Here's a visual of the salt coverage I used. At this point in the process, you can see how the salt was already pulling moisture to the surface and the salt was already beginning to be dissolved.
When the meat is finished brining, DO NOT RINSE.
You can now prepare the beef tenderloin for smoking.
Step 2: Tie It Up
If you look closely at the picture of the tenderloin, you will notice that it has one end that tapers down to a smaller size, this is called the tail. It is best to tuck this part under the meat and tie it up. Otherwise, this smaller portion will cook faster than the rest and end up dry and inedible.
Any clean cotton string will work if you don't have butcher's twine. Tuck the tail under then tie it up tightly using a piece of string that is about 12 inches in length.
If you are not familiar with the butcher's knot, you can use a basic square knot. It's always helpful to have someone put their finger on the string once you pull it tight while you finish tying it off.
Continue to place strings around the meat and tie it off about every 2 inches as this will make it more round and therefore will cook more evenly. If you do not tie it up, it will end up being less round, more oval and will cook less evenly.
Don't forget to cut off the extra string AND don't forget to remove the string when it's finished cooking.
Step 3: Season
Dry brining is a great thing to do but it does not take the place of using a good low-salt seasoning. If you are looking for a good low-salt seasoning that's amazing on beef as well as pork, chicken, seafood, etc. then look no further than than my Texas style rub (Purchase formula here | Purchase bottled rub).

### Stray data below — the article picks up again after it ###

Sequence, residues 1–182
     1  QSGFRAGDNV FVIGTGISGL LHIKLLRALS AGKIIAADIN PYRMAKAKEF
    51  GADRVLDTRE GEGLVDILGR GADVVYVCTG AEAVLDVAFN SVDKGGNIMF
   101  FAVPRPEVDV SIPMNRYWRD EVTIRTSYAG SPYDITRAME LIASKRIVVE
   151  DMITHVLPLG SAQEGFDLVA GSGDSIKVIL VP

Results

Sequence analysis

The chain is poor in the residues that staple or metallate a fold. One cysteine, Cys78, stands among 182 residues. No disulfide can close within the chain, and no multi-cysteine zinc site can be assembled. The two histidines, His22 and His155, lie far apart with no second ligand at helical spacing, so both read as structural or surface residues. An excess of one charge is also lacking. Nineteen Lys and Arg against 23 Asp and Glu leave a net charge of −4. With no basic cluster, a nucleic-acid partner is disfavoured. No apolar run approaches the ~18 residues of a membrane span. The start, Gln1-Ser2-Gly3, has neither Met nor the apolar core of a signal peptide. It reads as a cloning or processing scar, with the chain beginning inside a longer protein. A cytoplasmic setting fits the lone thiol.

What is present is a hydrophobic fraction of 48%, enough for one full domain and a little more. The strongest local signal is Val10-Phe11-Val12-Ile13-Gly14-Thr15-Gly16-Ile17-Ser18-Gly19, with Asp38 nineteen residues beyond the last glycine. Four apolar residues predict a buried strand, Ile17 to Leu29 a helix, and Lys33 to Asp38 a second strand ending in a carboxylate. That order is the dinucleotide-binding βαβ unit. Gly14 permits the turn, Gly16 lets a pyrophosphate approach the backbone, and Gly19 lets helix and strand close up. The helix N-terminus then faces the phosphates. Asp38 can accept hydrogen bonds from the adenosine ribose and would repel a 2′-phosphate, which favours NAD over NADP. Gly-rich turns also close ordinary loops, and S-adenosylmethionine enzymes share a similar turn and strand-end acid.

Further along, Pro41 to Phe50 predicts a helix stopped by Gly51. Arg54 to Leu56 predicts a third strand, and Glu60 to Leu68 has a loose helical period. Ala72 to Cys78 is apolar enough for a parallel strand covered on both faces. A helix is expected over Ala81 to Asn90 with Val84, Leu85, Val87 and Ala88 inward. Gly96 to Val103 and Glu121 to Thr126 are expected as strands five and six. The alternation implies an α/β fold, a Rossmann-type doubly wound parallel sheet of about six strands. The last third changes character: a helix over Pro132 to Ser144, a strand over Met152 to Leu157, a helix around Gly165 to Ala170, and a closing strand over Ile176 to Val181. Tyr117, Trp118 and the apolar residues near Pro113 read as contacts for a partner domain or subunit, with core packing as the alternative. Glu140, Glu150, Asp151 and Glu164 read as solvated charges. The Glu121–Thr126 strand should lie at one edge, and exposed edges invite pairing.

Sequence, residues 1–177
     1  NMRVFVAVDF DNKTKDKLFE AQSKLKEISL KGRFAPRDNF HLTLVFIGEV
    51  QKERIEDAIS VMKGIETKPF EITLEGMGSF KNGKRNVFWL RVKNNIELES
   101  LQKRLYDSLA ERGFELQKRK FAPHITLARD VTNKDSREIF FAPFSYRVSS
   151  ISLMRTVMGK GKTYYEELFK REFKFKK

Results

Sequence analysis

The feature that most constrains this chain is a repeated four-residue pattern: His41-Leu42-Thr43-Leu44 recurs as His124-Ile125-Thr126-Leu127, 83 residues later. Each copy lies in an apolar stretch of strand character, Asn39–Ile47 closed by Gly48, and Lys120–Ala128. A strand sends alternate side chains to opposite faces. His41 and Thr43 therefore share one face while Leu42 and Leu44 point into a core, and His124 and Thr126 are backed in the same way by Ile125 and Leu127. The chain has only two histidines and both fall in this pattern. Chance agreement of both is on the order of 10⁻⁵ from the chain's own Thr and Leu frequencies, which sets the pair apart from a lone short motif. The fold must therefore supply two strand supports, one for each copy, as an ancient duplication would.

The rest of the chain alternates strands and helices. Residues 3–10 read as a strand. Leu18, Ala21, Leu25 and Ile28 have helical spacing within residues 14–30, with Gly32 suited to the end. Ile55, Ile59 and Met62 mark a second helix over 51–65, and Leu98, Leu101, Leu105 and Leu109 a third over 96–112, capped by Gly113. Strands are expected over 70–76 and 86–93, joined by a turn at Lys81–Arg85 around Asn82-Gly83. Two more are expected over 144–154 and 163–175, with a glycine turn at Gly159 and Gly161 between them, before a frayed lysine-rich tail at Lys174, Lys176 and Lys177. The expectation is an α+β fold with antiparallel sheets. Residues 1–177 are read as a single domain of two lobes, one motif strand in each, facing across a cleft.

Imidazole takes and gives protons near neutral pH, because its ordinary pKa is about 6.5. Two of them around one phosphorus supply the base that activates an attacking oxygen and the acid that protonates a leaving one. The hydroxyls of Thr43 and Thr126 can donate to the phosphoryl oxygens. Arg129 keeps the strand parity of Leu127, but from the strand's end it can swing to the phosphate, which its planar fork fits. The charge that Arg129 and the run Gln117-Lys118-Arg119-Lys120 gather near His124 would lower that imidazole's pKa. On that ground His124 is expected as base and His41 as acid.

Fire up the smoker using indirect heat. You'll want to set it up for cooking at about 225°F (107 °C) for best results. If your smoker uses a water pan, fill it up.
I used oak for smoke which is amazing on beef but if you don't have any oak, you can use hickory, pecan, maple, etc. whatever smoking wood you have and it will work just fine.
Pellet smokers cook a little different and I recommend starting these out on the special “smoke” setting. After you place the meat on the smoker, let it cook at this setting for about 45 minutes then turn it up to 225°F (107 °C) to finish.
I recommend removing it at about 130°F (54°C) which is a good medium rare.
Does that look good or what!!
Step 5: Rest a While
When it's finished, bring it in and lay a piece of foil over the top for about 15 minutes to let it rest. During this time, the juices will redistribute throughout the meat.
Step 6: Slice and Serve
Using a very sharp knife, slice into steaks that are about ¾ inch thick and serve immediately with plenty of other tasty side dishes.
I'm sure you're wondering if you can sear this when it gets finished or if it even needs it. I don't usually sear large beef roasts such as this but I certainly have done it and you can definitely do it if you want to.
If you plan to sear it, you might want to remove it from the heat at about 110- 115°F (43-46°C) and have a really hot griddle, pan or grill ready to go so you can go straight from smoker to sear.
Another option is to smoke it, then slice it then sear the individual steaks but I feel like if you're going to go that route, you might as well, slice it ahead of time and just cook them as steaks from the git-go. This gives you more seasoning on each slice and the ability to cook the steaks to order if necessary. Not a bad option at all.
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Smoke, Wood, Fire: The Advanced Guide to Smoking Meat – Unlike the first book, this book does not focus on recipes but rather uses every square inch of every page teaching you how to smoke meat. What my first book touched on, this second book takes it into much greater detail with lots of pictures.
It also includes a complete, step-by-step tutorial for making your own smoked “streaky” bacon using a 100 year old brine recipe.